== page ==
Results of single-arm studies of chemotherapy resistant/refractory NSCLC

Response rate claims


Study 0039 evaluated Iressa ZD1839 treatment in 216 NSCLC patients, including 139 patients with tumors resistant or refractory to cisplatin and taxotere. These 139 patients were considered to have no available therapy. In this population, response rate serves as the surrogate endpoint for the AA claim. The response rate was 10.1% (95% CI: 5%,17%)

Symptom improvement claims

Patient symptoms were evaluated with the Lung Cancer Subscale (LCS) of the Functional Assessment of Cancer Therapy for Lung Cancer (FACT-L). This subscale is composed of seven 4-point questions that are summed for a total of 28 possible points. The applicant claims that clinical benefit is demonstrated by individuals showing a 28-day, 2-point improvement on the LCS of 28 day duration. The The applicant finds that aboutapproximately 40% of patients in Study 39 derive such benefit, and that the benefit correlates with response and survival. The FDA believes these results are not reliable because there is no concurrent, randomized, blinded control arm and the lack of a prospective plan for collecting and analyzing data on supportive care products (e.g., oxygen and pain medications) did not exist.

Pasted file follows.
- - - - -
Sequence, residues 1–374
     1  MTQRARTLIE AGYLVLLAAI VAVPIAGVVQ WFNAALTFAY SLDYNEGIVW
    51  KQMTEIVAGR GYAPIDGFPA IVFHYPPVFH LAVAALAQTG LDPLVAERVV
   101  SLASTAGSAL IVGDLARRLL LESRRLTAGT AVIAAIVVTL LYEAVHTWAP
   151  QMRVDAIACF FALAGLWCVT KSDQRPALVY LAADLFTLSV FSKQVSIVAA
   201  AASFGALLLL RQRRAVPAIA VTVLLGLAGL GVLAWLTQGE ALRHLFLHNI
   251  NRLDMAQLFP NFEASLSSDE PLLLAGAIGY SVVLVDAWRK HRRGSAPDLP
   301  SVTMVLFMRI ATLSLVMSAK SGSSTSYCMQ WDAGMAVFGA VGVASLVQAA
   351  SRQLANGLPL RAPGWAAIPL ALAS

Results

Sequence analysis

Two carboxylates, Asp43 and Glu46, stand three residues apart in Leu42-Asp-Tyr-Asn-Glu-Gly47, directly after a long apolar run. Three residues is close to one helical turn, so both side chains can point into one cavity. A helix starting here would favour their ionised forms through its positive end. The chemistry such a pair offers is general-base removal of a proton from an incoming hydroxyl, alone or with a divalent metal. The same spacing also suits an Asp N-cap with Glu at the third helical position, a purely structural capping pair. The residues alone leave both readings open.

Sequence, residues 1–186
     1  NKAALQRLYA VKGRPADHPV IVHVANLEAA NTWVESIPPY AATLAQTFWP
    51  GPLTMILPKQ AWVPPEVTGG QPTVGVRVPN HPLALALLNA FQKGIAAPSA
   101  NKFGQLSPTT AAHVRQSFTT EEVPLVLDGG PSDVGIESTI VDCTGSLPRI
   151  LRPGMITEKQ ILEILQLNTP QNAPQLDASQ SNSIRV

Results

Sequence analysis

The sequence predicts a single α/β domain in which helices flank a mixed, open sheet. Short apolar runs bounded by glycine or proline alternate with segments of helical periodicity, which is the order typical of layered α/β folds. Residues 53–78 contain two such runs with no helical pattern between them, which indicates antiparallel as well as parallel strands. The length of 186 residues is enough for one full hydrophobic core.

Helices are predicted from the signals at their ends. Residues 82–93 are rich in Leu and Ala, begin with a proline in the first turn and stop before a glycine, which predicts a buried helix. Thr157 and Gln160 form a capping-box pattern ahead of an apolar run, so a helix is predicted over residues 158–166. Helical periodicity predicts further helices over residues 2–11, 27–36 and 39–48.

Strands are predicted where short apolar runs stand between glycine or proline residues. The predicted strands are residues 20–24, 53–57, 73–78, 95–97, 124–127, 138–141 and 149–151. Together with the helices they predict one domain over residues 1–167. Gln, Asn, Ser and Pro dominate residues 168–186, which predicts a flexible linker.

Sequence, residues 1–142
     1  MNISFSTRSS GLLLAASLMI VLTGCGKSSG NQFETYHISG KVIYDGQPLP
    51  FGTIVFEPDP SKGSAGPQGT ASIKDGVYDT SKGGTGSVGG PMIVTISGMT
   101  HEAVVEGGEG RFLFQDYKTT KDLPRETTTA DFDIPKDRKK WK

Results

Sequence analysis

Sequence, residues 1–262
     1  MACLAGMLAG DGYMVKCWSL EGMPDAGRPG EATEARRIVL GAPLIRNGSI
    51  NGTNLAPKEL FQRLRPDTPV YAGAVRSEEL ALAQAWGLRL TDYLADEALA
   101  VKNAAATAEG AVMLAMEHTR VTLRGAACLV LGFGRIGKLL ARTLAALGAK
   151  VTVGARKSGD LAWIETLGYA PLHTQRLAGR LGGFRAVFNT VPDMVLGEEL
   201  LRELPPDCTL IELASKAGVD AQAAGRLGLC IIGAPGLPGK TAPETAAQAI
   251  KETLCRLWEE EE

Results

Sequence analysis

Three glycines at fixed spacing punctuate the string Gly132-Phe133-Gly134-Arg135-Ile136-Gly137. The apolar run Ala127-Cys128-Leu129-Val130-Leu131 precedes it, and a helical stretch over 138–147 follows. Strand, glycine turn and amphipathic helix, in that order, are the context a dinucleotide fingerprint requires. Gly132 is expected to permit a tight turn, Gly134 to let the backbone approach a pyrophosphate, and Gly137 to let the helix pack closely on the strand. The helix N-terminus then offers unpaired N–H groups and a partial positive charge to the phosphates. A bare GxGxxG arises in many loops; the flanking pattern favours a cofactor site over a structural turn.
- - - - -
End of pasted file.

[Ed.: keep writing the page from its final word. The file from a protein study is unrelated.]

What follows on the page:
Results from randomized clinical studies in first-line treatment of NSCLC

Recently, the applicant provided FDA with analyses of two trials evaluating standard chemotherapy plus or minus ZD1839 in first-line treatment of NSCLC. These results are relevant because the FDA must determine whether a 10% ZD1839 response rate is reasonably likely to predict clinical benefit. The FDA must consider all available information on a drug product prior to making a regulatory decision. The lack of ZD1839 clinical benefit in the closely related first-line NSCLC setting could bear on this judgement must be considered in the FDAs regulatory decision-making process.

Approximately Despite about 350 patients per arm were entered on each trial.and aAdequate follow-up (about 240 events per arm) has been provided. nNeither sStudy 14 nor Study 17 showed a survival benefits for the addition of ZD1339 to chemotherapy.

Study 14 Survival


At Risk Events in Months 1-year

500 mg ZD1839 365 243 9.9 44%

250 mg ZD1839 365 248 9.9 42%

Placebo 363 236 11.1 45%